There’s places for one style or the other, or both. Christian living isn’t procedural—it’s life, with all its twists and turns and the depth therein. But I think as Paul demonstrates and Christ himself, we meet different people with different methods. The Holy Spirit will guide us if we’re really seeking God and his desires. Increasingly in our culture, the way in is not by clearly explaining the gospel because the hindrance now for many of our readers is they live in a culture where there isn’t an automatic buy-in for our God (like in 1st century Palestine) or any god (1st century Greece and Rome).

      Yet, people are still thirsting for the gospel. They always will. It’s our greatest need. And studies show that Gen Z is more open to religion than Baby Boomers are. So how can we reach them? Well, everyone is different, but many of them also just want friends. Friendship—and not necessarily these deep, life-long friendships (every relationship is different and we can’t make a thousand life-long friends)—is a way to show Christ’s love and opens up opportunities to share the gospel, if we avoid the pitfalls of relational evangelism and keep our eyes on what’s important (loving God and loving people).

      It’s not easy. But carrying our cross shouldn’t be. What’s easy is to do just enough to make ourselves feel good or to do nothing at all and ignore it.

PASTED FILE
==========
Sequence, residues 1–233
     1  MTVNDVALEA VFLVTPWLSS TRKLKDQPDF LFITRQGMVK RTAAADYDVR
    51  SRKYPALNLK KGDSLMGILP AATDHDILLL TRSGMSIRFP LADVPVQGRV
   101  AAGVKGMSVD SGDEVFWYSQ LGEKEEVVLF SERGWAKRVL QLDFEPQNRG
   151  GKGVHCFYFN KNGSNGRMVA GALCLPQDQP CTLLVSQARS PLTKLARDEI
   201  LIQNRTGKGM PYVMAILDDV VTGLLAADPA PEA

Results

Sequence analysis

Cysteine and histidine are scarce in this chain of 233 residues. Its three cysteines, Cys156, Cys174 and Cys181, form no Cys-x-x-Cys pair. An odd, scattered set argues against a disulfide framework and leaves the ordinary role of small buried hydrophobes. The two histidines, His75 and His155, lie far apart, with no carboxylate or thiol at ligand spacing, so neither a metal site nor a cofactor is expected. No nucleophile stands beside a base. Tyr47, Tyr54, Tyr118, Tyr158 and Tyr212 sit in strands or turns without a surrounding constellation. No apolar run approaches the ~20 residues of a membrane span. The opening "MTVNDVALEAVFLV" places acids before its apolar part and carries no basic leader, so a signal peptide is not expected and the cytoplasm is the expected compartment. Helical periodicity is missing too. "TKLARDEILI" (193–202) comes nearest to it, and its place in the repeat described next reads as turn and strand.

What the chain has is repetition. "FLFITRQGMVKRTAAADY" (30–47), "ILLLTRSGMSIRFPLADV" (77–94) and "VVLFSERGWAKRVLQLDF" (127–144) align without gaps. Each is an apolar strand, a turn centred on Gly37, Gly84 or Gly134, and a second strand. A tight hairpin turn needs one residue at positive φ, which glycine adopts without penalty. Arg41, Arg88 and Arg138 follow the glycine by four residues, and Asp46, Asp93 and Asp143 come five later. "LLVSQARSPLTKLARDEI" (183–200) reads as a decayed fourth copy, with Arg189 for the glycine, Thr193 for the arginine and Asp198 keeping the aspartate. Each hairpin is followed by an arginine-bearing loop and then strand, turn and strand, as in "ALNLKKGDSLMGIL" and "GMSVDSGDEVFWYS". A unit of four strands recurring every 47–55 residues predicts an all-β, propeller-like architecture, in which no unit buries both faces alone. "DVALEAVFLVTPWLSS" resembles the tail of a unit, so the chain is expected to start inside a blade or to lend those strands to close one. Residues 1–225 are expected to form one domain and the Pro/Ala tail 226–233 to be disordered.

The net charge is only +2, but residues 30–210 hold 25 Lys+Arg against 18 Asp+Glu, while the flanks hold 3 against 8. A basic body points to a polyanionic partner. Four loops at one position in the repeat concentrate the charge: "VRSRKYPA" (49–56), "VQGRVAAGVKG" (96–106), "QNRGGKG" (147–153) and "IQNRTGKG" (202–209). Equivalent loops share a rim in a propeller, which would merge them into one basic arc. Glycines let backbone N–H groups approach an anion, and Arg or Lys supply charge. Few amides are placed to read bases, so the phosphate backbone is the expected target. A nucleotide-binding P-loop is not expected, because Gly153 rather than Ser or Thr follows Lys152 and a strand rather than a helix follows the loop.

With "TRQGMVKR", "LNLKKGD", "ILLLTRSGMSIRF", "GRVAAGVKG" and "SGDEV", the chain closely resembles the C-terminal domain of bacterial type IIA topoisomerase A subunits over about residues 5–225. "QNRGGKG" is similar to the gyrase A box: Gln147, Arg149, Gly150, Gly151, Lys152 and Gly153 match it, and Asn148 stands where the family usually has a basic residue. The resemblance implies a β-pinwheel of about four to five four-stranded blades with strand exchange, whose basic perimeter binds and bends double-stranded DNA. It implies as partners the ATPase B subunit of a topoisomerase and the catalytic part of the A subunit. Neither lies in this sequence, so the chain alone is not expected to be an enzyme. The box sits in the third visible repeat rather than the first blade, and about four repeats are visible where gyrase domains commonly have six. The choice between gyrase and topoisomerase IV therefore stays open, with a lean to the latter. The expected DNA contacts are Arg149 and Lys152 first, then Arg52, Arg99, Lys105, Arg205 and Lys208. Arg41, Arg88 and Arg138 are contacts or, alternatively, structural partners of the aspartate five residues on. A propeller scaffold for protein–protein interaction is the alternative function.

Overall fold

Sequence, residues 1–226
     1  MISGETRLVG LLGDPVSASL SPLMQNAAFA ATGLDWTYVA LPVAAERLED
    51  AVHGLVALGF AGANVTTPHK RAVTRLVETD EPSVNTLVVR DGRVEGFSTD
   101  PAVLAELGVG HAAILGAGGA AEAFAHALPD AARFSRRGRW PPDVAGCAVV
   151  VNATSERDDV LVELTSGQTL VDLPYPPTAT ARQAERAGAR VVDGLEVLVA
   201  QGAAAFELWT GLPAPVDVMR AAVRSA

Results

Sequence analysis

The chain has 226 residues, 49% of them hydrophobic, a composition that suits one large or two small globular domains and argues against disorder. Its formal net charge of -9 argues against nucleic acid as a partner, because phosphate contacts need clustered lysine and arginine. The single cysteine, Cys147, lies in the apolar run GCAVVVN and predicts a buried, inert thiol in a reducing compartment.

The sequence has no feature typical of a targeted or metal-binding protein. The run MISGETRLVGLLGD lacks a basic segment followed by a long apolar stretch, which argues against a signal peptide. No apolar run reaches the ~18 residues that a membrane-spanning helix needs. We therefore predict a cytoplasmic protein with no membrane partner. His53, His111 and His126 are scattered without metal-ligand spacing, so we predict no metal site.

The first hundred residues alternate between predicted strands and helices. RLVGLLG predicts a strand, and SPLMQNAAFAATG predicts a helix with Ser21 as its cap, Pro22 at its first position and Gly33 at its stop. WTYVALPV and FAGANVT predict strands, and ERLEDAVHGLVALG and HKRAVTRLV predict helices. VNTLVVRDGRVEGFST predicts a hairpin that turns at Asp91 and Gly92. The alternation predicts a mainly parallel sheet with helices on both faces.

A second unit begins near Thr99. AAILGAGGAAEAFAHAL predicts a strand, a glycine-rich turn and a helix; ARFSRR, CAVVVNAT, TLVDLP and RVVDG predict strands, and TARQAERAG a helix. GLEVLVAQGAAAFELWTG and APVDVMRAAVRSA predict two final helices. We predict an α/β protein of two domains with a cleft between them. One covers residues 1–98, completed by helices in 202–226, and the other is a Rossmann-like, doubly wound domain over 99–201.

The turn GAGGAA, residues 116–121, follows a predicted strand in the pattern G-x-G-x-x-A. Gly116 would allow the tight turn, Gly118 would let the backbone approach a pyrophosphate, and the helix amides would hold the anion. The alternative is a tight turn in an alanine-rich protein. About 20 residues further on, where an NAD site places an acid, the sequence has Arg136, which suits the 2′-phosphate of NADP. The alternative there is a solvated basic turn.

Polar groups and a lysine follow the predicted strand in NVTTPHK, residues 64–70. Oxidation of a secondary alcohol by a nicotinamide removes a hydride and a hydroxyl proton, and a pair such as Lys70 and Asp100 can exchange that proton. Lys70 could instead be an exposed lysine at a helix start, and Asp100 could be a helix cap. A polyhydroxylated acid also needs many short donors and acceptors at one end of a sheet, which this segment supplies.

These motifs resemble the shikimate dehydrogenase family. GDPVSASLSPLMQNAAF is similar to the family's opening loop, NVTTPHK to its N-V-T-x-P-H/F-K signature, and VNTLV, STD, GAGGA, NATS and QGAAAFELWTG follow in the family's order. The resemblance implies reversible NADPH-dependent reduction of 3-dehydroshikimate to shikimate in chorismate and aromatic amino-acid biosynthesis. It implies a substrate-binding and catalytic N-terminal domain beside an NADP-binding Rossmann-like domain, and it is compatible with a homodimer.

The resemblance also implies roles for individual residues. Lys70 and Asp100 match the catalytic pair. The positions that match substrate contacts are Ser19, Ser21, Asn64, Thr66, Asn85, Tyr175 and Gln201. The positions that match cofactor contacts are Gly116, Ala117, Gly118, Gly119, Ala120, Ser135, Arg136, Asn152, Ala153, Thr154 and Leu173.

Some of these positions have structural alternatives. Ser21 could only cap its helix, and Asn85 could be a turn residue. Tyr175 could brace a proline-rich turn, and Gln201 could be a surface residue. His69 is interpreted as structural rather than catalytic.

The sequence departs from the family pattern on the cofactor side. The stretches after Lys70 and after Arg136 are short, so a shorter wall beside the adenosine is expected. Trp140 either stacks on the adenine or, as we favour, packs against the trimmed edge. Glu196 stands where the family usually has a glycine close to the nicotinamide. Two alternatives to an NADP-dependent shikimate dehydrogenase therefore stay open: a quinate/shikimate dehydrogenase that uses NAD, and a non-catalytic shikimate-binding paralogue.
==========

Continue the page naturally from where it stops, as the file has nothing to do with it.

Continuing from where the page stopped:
I’ll leave you with an example that’s dear to me: my mom’s. She’s old-school. During my youth, she went to the goods stores on our local military installation day after day to approach fellow Koreans and share the gospel. She was letting the Holy Spirit work, not developing friendships. Seems contrary to what I’m preaching here. Later on, I realized that most Koreans in the U.S. were looking for community which primarily was centered in business groups, Buddhist temples, or the church. They needed someone to give them that connection.

      I saw my mom evangelize like this on a couple of occasions, but what I saw more often was what happened afterward. She held bible studies in her house week after week, year after year. She spent hours on the phone talking to pastors about theology (Korean pastors sometimes tend to come to that position because they desire authority, not for a love of God). And she prayed, often hours each day, for those she visited.